Wall Street eyes Big Tech growth more than profits

Summary

The best hedge dominant U.S. consumer tech companies can hope for against increasing regulation and a darkening global outlook is still faster growth than other industries can achieve.

Microsoft kick-off

Microsoft is about to kick off earnings for U.S. technology leaders on which stock market stabilisation might depend. Their role of fuelling the Nasdaq 100, which has become a de facto benchmark for U.S. investors, means strong reports could go a long way towards arresting weeks of heightened volatility. Web behemoths also need to demonstrate that their numbers aren’t flagging whilst they deal with a rising tide of regulatory currents. Ironically though, for such an influential sector, only Microsoft has well-established profits. And in recent quarters even the software firm's income has played second fiddle to hotly scrutinized metrics like cloud subscriptions. With Wall Street sell-offs often ignoring key top- and bottom-line beats this earnings season, Big Tech’s best hope of putting a floor under its shares could again be raw growth.

Microsoft’s Azure must shine again

Microsoft’s report, out on Wednesday night, covers its first quarter of the 2019 financial year. The benchmark of strong results for the group will again be cloud. Following heavy investments, Microsoft’s multi-quarter run of expansion in flagship cloud division Azure, has seen revenues from online software and services outpace erstwhile leader, Amazon. Azure sales have risen more than 80% in almost every quarter over the last four years, including an 89% surge over three months to the end of June. Microsoft needs to match, or preferably beat that rate to stem an almost 10% fall by its stock so far in October.

Amazon AWS in focus

Remarkably, whilst Amazon is still known by most for an e-commerce business that’s still growing faster than the conventional retail market, its real power, profits and growth comes from businesses that initially looked like sidelines. Take, Amazon Web Services revenue, that grew 49% to $6.1bn in the prior quarter whilst providing over half Amazon’s total operating profit. Subscriptions, chiefly Prime membership with streaming video as a perk, grew ‘just’ 57% percent. AWS growth could comfortably fall to 45% year-on-year in Q3 and sales would still rise quarter-on-quarter to $6.67bn when it reports on Thursday. The stock would be punished if growth slowed any further.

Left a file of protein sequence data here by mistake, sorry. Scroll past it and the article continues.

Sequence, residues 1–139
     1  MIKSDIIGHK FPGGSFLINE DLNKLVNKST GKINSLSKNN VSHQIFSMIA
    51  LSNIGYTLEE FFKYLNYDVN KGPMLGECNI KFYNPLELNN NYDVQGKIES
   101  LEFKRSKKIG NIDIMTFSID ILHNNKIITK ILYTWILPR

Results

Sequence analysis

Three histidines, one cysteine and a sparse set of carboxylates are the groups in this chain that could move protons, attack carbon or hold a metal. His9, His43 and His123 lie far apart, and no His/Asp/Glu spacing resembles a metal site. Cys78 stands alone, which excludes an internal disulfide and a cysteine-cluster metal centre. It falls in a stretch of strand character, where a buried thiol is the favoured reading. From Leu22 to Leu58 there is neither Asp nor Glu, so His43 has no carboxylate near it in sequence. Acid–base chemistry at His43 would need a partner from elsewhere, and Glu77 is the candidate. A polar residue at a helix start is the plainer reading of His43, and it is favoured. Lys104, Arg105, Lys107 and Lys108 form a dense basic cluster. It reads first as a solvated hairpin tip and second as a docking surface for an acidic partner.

Twitter purge lingers

Twitter’s purge of fake users and tougher stance on misuse damped user growth, but advertising sales grew 24% in its second quarter. With monthly active users expected to fall by another “mid-single digit millions” more in the quarter, the onus on the group is to ensure MAU’s don’t fall below 330 million is even heavier. It will be an even tougher feat to pull off if tougher data protection rules make it even easier for passing traffic to avoid signing up. Twitter will report before the U.S. market opens on 25th October.

Google raises its own bar

Digital advertising is still less than half the global $628bn market, and most of the digital ads are on Google and Facebook. Stripping out the biggest ever European Union fine that toasted revenue growth in Q2, the Alphabet-owned platform actually beat Wall Street’s expectations by 23%. Advertising revenue alone has beaten forecasts for four straight quarters. In itself, failure to trounce the Street view again, when the group reports Q3 results on 25th October, could weigh on its shares. Ad revenues are forecast to rise 20.6% on the year to $29.04bn.

Facebook investors overreact

The social network’s cack-handed response to everything from privacy concerns and attempts to manipulate voters with its platform obscures a less alarming potential fall in growth than might be expected given the share’s 18% fall this year. Indeed, with Facebook stock set to mark its first ever annual decline, its 42% rise in second quarter revenues compared to 49% in Q1 makes the loss of investor confidence look overdone, even factoring in long-term guidance that quarterly growth could fall to 30%. To be sure, developed market user growth looks to have peaked. FB faces hurdles lifting the 2.23 billion global total as fast as in years past. But Facebook is taking its time in confirming the rise of user bases at its other platforms like Messenger, WhatsApp and Instagram. The latter alone is widely thought to have 1 billion users. None of those assets are being monetised to any great extent yet. Facebook ad sales are forecast to rise 34.6% to $13.65bn in Q3, after a 42% jump to a similar figure in the quarter before.


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